“As for organic meat, regulations require that animals are raised in living conditions accommodating their natural behavior (like the ability to graze on pasture), fed 100 percent organic feed and forage, and not administered antibiotics or hormones.”

The agency performs more than 45,000 onsite inspections per year to ensure compliance with regulations. If foods are labeled “100 percent organic,” that means all ingredients are certified organic. Foods labeled “organic” contain at least 95 percent certified organic ingredients.

On the other hand, labels that say “made with organic” or “organic ingredients” can’t carry a USDA seal, because they contain less than 95 percent organic ingredients.

More confusion in labels

In addition, there is a difference between “organic” and “natural” on a product’s label. The term “natural” may simply refer to products or animals that have been minimally processed and contain no artificial ingredients, but that doesn’t mean they’re organic.

Another confusing term is “grass-fed,” which means animals receive a majority of their nutrients from grass throughout their entire life and have continuous access to pasture during the growing season. It does not mean they have been raised without the use of antibiotics, hormones, or pesticides on their feed.

Likewise, “cage-free” birds are able to freely roam a building, room, or enclosed area with unlimited access to food and fresh water during their production cycle. “Free-range” birds are provided shelter in a building, room, or area with unlimited access to food and fresh water, as well as continuous access to the outdoors during their production cycle. But neither of these terms reveals whether they have been raised without antibiotics or hormones.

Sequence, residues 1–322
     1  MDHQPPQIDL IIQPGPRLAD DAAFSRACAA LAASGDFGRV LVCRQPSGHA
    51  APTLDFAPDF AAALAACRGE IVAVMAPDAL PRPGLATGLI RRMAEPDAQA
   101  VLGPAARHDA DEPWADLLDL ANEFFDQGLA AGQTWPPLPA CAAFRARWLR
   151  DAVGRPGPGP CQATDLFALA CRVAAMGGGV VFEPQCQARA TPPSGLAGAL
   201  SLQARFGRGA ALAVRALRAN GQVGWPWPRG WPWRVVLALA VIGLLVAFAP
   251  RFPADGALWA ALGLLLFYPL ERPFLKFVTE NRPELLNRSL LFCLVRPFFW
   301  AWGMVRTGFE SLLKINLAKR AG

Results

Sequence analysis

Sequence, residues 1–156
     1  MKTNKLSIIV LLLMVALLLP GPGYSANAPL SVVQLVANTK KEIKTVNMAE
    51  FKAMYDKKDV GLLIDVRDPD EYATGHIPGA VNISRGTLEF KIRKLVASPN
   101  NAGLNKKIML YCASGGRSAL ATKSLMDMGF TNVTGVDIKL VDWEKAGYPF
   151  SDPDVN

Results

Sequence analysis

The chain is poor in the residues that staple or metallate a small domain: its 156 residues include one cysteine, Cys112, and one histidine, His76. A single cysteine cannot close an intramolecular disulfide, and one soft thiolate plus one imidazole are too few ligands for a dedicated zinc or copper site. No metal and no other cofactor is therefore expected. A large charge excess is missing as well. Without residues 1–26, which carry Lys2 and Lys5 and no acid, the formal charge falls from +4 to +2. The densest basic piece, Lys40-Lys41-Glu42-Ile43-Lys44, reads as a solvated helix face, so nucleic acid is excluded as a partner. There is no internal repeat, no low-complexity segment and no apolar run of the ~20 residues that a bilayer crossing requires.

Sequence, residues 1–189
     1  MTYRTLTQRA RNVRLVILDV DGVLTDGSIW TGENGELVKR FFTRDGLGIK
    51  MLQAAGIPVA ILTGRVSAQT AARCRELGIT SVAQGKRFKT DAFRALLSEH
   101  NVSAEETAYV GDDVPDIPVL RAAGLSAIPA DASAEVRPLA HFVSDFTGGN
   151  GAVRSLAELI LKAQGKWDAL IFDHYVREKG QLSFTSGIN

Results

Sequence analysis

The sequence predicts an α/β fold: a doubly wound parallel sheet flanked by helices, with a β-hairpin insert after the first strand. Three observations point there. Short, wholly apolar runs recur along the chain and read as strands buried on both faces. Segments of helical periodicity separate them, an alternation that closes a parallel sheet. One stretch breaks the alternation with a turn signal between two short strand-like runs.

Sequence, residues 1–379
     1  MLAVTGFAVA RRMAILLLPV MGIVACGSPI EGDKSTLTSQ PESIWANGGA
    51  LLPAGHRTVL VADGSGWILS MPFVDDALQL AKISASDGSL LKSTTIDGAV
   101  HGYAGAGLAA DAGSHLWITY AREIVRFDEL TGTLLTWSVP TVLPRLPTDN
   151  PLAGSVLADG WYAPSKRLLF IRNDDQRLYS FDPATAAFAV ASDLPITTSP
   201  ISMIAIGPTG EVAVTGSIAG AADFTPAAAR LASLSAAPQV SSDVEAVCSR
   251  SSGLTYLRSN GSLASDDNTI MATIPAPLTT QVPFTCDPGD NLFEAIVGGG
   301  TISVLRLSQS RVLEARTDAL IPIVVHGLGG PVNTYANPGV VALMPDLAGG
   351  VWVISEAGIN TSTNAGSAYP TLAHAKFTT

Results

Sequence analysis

So is organic better for you? In some of the ways we’ve listed above, yes. But only you can decide whether the extra expense is worth the small gains in nutritional value, as well as the larger impact on the environment and the animal’s welfare.

pfas

How to Combat the Lingering Danger of ‘Forever Chemicals’

They’re called “forever chemicals” because they don’t break down fully in the environment, and this summer the Environmental Protection Agency (EPA) warned that they are more dangerous to human health than regulators knew.

Within weeks, the National Academies of Sciences, Engineering, and Medicine (NAS) weighed in with its own 300-page report on these chemicals, known as perfluoroalkyl and poly-fluoroalkyl (PFAS) substances, urging doctors to test high-risk patients for PFAS contamination.

Because of the heightened attention on these chemicals, our primary care concierge doctors in Jupiter want to summarize for you what we’ve learned about them, and offer tips on how to reduce your exposure.

The Problems with PFAS

In 1946, DuPont introduced its revolutionary non-stick product, Teflon. By 1950, studies by DuPont and 3M showed that PFAS could build up in the blood, but chose to keep these results secret, according to the non-profit Environmental Working Group (EWG).

Since 1998, when a class-action lawsuit against a West Virginia DuPont factory revealed the extent of the pollution from the factory, researchers have found probable links to such diseases as:

  • thyroid disease
  • high blood pressure
  • kidney cancer
  • testicular cancer
  • breast cancer
  • higher cholesterol levels
  • ulcerative colitis
  • weakened immune system 
  • vaccine interference
  • weight gain
  • changes in liver enzymes
  • decreased fertility
  • growth and learning delays in infants and children

The NAS report encourages doctors to conduct blood tests for these chemicals on patients who are worried about exposure or who are at high risk for exposure or who are in “vulnerable life stages”: during pregnancy, early childhood, and old age.